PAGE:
There was a nurse just up ahead with bruises on her face. Someone had tied an impromptu bandage around her head, and already the blood was seeping through. Serviettes from the dining room? They gave the woman a rakish air, and I wanted to laugh.

No, that’s hysteria. Stop it, I warned myself.

The Irish nurse had come up beside me, trying to edge her way up the queue. Her face was so pale the freckles across her nose stood out. I don’t like the water, she was saying, "I’d rather take my chances here—"

I put a hand on her shoulder. Don’t be silly, Eileen. If anything happens, the lifeboats are the safest place for us to be.

Eileen froze, fear stark in her eyes. Then it’s true, we’re sinking—

I could hear shouting now, and saw that Harry Dyke, one of the officers, was looking up at the poop deck, where firemen from below were trying to launch a lifeboat for themselves.

You fools! he yelled. Stay onboard—we’re trying to beach her—

But they were frantic to be gone, and without waiting for orders or other passengers to join them, they launched anyway.

Stay away from the ship, Dyke was shouting to them now. And for God’s sake, try to pick up any of the crew who’ve already jumped!

Surprised, I turned to look at the sea and could see bobbing heads treading water, those who hadn’t waited for a boat to be lowered. From the look of them, they were already tiring. The water was November cold, after all, in spite of the sun’s warmth.

Eileen fled before I could stop her.

The firemen were paying no heed, but I thought they’d heard Dyke. I saw one reach out an arm to drag a swimmer inboard.

Then the third officer, Lawes, was trying to prevent two of his boats from automatically launching. So far the Abandon Ship signal still hadn’t been given. We were all at our stations, worried and waiting for instructions. None came. I eyed the distance to Kea. Could we make it that far, wounded as we were? Or was the submarine lurking nearby, watching, ready to try another shot if it looked as if we’d be successful? I shivered at the thought.

I saw that Lawes was too late—the boats dropped to the water with such violence that spray swept the side of the ship. By a mercy, both stayed upright. To my surprise, Eileen was in one of them.

Britannic was listing now, it wasn’t just my imagination, and it was harder to understand why the Captain hadn’t ordered the boats away. I could appreciate how the passengers on Britannic’s sister ship, Titanic, must have felt in the cold darkness of the North Atlantic. At least here there was daylight—

Someone behind me was pushing hard, eager to be nearer the lifeboat, as if afraid she’d be left behind. She jostled my right arm, and I felt faint from the stab of pain.

I stepped back, letting her have my place, then sat down on the deck, lowering my head, swallowing hard. Nausea was there, all too close to the surface, dizzying in its intensity. I hadn’t realized that a break in a bone could be so exquisitely painful. I’d feel a greater tolerance for the wounded after this.

One of the other nurses came to bend over me, and then we heard people shouting and screaming a warning. I managed to get to my feet and turn to look over the railing.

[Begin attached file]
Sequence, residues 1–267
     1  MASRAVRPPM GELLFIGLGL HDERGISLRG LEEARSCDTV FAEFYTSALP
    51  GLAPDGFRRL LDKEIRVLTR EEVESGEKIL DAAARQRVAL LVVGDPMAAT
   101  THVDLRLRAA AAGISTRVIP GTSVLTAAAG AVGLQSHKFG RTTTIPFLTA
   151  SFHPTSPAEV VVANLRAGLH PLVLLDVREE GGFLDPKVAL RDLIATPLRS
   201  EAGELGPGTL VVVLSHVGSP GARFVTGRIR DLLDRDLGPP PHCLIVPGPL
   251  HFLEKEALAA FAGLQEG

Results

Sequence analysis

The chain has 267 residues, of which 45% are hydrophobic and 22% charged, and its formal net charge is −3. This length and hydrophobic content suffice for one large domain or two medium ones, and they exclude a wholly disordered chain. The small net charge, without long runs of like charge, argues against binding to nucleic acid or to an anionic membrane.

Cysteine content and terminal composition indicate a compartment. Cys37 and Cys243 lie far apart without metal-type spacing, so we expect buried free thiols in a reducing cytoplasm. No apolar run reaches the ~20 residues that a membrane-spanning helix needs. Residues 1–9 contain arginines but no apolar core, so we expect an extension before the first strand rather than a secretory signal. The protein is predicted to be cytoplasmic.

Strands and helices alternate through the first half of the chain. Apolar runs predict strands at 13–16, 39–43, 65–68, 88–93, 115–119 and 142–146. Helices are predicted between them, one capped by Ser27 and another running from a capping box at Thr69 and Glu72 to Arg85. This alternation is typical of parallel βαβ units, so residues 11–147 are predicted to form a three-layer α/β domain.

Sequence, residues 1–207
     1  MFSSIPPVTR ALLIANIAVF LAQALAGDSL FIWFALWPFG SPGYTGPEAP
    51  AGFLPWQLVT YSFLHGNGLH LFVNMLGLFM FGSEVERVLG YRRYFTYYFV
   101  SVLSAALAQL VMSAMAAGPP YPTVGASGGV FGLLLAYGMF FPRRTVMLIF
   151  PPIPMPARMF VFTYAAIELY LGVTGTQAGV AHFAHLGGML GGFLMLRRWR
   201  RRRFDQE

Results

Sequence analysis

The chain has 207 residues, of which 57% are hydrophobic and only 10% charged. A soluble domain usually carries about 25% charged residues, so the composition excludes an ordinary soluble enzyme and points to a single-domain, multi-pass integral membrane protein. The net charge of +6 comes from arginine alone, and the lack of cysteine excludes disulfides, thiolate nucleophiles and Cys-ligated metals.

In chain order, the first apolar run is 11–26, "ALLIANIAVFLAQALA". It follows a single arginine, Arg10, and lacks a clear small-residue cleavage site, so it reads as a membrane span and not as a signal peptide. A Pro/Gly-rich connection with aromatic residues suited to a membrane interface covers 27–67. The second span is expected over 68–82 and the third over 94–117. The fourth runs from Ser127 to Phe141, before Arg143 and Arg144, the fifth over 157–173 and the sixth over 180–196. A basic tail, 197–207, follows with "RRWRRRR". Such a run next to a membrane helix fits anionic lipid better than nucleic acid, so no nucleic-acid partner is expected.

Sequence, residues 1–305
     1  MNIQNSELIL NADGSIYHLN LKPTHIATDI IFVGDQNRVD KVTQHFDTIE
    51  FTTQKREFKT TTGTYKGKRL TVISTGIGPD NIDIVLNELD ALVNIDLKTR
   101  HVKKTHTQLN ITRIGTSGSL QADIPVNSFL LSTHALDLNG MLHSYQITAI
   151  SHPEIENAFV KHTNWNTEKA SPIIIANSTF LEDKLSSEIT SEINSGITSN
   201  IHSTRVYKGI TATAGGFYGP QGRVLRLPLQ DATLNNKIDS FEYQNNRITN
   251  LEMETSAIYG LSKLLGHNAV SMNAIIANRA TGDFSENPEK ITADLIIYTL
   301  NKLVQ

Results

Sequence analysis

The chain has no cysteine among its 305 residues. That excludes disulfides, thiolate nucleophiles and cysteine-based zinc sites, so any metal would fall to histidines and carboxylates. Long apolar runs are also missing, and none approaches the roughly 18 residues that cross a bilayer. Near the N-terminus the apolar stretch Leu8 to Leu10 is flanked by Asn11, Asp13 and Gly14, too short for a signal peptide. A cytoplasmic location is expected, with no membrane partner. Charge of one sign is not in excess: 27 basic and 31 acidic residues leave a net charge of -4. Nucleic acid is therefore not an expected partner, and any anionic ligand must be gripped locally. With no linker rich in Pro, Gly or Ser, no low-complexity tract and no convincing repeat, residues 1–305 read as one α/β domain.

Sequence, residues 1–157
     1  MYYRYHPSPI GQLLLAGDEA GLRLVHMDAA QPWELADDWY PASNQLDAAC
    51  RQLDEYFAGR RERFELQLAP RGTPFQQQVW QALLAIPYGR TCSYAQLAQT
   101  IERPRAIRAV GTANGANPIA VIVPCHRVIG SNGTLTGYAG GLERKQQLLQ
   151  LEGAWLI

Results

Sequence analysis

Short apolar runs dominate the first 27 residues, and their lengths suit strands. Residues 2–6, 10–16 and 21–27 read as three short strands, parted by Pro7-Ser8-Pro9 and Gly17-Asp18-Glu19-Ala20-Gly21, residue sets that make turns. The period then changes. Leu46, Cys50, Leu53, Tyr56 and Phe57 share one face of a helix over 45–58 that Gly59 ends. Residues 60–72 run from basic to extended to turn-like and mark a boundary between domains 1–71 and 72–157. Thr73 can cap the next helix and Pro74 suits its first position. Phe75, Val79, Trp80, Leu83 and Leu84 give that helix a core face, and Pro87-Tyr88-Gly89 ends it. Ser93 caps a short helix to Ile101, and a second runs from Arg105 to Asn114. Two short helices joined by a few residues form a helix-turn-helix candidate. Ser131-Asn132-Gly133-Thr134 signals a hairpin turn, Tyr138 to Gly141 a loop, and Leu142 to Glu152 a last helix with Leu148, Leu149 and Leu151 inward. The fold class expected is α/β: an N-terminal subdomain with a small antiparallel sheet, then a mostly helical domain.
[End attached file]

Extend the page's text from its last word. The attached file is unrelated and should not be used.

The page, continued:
The two boats from Lawes’s station were in trouble, and Bartlett was bellowing to them through the loud-hailer. Mind the screws, damn it!

I stood there, unable to turn away, as one of the lifeboats caught in Britannic’s wake was being dragged inexorably back toward our three propellers, already partly out of the water, their great brass wings shining wet in the sun as they went round.

Like everyone else along that rail, I cried out in horror, staring down at the frightened, helpless faces turned first up to us and then back toward the stern. There was nothing that anyone could do. No way to stop what was about to happen. In what seemed to be slow motion, but must have been only a matter of seconds, the first boat was swept into the screws. The sound of wood rending reached us. Screams echoed across the water, and then there was silence.

I don’t think anyone on the ship moved.

Wood debris and torn bodies churned into the bloody wake.

I felt sick. In five sailings with severely wounded onboard, I had never seen anything quite so terrible. The image stayed with me, repeating itself over and over again.

Dr. Paterson, swearing like a trooper, raced toward the stern, looking over into the water for survivors.

The Abandon Ship alarm was sounding now, and I realized that while we’d been absorbed by the drama on the water, Britannic’s list had increased alarmingly. Someone came up to me, cursing me, telling me to get into one of the lifeboats before it was too late to lower them.

It was Lieutenant Browning, harried and angry, his expression a mask of duty but his mind already leaping ahead to what we were about to face.

It was the last thing I wanted to do now—leave this ship. I could see other boats in danger of the same fate as the first one. It would be better to drown than to face those churning blades. But when I turned, drawn to stare at them, I was surprised to see that the screws were barely moving, that someone had ordered all engines stopped. It was then I knew with cold certainty that we were sinking.

Collecting my wits, I said, Look—the boat I’m assigned to is full—

Browning shook me, and I cried out from the pain in my arm.